Inequality: Fiscal Policy Can Make the Difference

By Vitor Gaspar and Mercedes Garcia-Escribano

 October 11, 2017

Versions in عربي (Arabic),  Español (Spanish), Français (French), 日本語 (Japanese), Русский (Russian)

Wealth and poverty side-by-side in Rio de Janeiro, Brazil: inequality is rising within countries around the world (photo: Jean-Marc David/SIPA/Newscom). 

Income inequality among people around the world has been declining in recent decades. This is due to countries like China and India’s incomes catching-up to advanced economies. But the news is not all good. Inequality within countries has increased, particularly in advanced economies. Since the global economic recovery has gained pace and is now widespread, policymakers have a window of opportunity to respond with reforms that tackle inequality, and our new Fiscal Monitor shows how the right mix of fiscal policies can make the difference.

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Financial Stability Improves, But Rising Vulnerabilities Could Put Growth at Risk

By Tobias Adrian

October 11, 2017

Versions in Versions in عربي (Arabic), 中文 (Chinese), Español (Spanish), Français (French)

The headquarters of the European Central Bank in Frankfurt, Germany: To avoid causing market turbulence, central banks will have to clearly communicate their plans to gradually unwind crisis-era policies (photo: Caro/Sven Hoffman/Newscom).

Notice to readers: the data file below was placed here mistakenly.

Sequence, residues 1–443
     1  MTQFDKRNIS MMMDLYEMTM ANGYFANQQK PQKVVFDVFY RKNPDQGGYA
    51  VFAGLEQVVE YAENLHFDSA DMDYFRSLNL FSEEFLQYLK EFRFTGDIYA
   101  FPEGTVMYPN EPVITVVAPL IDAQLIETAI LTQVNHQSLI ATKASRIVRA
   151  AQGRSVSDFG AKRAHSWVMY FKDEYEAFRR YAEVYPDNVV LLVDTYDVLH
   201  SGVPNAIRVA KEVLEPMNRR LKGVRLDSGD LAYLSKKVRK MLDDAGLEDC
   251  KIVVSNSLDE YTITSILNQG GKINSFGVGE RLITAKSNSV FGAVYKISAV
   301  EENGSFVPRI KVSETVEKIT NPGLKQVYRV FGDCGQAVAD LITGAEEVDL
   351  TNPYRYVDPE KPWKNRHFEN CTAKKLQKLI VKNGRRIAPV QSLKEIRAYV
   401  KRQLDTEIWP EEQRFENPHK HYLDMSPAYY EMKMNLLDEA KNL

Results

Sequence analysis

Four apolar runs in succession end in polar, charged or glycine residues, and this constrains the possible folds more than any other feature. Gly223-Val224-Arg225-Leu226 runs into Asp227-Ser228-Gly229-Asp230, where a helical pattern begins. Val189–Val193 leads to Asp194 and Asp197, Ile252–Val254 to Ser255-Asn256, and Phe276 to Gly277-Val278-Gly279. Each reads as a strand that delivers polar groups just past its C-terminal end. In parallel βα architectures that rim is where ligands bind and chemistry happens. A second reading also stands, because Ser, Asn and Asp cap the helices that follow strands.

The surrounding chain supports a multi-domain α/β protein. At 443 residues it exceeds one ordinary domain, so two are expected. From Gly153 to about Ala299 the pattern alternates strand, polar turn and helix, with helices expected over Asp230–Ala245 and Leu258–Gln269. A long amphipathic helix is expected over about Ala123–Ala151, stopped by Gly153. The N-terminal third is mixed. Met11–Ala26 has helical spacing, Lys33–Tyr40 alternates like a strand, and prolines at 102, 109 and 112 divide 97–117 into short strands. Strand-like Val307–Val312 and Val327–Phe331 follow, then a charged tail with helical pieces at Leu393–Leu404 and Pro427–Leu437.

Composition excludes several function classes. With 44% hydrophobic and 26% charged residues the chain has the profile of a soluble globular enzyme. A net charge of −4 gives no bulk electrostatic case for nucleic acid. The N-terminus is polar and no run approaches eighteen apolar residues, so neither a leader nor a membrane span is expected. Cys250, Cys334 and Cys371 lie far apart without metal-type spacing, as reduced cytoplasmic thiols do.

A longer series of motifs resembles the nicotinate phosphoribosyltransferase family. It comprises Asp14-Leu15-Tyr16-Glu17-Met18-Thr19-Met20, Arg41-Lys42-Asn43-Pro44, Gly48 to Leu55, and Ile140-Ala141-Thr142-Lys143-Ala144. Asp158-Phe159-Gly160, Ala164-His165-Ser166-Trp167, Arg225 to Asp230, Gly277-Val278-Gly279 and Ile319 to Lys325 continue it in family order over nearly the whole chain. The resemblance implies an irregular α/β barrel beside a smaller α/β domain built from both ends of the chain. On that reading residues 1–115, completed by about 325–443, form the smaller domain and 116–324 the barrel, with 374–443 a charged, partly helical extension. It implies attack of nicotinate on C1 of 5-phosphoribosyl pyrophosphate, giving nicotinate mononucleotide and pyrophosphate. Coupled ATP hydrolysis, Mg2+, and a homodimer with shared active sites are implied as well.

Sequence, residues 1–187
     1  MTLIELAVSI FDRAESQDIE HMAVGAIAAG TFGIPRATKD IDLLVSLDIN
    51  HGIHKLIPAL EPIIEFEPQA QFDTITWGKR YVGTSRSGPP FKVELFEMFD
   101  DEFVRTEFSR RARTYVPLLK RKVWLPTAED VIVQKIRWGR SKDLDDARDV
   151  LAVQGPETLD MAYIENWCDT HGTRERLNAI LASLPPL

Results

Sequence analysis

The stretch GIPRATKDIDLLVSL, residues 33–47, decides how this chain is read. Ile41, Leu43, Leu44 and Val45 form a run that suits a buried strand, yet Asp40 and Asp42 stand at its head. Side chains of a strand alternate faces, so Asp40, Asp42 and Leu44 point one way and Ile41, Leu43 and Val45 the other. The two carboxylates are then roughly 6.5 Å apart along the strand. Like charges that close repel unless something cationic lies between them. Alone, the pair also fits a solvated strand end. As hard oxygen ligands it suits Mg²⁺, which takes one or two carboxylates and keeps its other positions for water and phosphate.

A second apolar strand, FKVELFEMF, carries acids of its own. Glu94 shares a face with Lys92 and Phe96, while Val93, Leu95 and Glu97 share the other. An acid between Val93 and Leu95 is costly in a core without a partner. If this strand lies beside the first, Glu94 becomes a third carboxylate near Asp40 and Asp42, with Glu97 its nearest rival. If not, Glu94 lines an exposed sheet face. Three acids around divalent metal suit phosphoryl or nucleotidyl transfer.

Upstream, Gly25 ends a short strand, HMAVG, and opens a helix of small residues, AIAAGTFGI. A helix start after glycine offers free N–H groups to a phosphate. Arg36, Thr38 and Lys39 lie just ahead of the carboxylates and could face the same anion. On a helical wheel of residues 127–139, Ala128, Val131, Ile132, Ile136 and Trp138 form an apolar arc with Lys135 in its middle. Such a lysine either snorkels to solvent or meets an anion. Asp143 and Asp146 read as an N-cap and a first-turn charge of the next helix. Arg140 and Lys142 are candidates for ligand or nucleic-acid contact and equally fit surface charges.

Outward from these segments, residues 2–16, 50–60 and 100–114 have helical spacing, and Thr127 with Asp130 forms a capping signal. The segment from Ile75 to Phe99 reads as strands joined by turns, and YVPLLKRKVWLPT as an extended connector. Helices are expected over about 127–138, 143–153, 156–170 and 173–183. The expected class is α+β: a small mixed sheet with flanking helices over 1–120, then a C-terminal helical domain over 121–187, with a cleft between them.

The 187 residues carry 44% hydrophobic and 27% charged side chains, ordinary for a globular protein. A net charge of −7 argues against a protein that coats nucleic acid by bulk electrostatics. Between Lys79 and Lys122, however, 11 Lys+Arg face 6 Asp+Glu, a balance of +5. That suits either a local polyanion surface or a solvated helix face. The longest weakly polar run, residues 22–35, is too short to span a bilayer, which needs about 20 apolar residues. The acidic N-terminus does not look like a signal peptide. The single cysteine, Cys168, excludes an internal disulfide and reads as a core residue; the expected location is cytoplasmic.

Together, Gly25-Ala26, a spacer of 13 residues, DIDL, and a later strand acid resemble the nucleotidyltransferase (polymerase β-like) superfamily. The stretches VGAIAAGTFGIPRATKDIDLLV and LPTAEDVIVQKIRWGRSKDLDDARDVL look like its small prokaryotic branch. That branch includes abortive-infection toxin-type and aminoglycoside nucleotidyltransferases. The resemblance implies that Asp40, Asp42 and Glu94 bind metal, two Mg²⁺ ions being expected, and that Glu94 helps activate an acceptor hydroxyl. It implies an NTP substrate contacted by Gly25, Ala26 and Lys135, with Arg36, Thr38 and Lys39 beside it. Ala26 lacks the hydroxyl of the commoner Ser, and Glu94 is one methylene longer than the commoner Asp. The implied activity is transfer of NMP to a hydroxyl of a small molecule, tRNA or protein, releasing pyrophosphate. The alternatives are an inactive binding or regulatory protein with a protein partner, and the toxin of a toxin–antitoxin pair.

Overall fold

It seems like a paradox. The world’s financial system is getting stronger, thanks to healthy economic growth, buoyant markets, and low interest rates. Yet despite these favorable conditions, dangers in the form of rising financial vulnerabilities are starting to loom. That is why policymakers should act now to keep those vulnerabilities in check. Continue reading “Financial Stability Improves, But Rising Vulnerabilities Could Put Growth at Risk” »

A Watershed Moment for Latin America: Nine Takeaways from our High-Level Conference

Alejandro WernerBy Alejandro Werner

(Versions in Español and Português)

Latin America has reached a critical moment. So much better off than two decades ago, and still facing deep-seated problems that get in the way of sustained strong growth and economic development. To better understand these problems from countries’ perspectives, and explore ways the IMF and others can help address them, we brought together experts from the region and beyond—central bankers, finance ministers, and academics—for a high-level conference in Washington, D.C. earlier this week.

Under the theme of “Rising Challenges to Growth and Stability,” participants engaged in lively debates about the current difficulties facing Latin America and the policy priorities for now and the future.

Here are my main takeaways from the event:

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